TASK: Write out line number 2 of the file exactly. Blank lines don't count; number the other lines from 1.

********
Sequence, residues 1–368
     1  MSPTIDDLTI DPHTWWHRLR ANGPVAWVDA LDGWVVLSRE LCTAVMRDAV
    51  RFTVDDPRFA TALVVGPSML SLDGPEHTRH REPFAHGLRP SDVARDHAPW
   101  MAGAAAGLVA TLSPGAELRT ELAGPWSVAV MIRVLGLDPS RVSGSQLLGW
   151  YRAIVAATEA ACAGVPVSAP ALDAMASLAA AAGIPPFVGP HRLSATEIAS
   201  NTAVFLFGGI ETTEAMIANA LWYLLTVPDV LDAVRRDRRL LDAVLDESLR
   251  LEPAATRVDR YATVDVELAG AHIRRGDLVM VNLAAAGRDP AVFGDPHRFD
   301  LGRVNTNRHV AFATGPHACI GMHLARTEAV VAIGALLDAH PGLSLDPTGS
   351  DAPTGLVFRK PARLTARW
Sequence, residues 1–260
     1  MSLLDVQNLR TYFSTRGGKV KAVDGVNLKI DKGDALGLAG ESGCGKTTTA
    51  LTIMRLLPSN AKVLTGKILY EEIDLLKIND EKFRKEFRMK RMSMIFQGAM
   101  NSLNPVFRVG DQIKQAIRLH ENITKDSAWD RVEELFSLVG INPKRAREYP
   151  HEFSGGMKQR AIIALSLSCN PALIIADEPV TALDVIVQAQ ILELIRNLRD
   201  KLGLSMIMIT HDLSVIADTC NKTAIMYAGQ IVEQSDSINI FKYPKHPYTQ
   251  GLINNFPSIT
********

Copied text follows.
     1  MSPTIDDLTI DPHTWWHRLR ANGPVAWVDA LDGWVVLSRE LCTAVMRDAV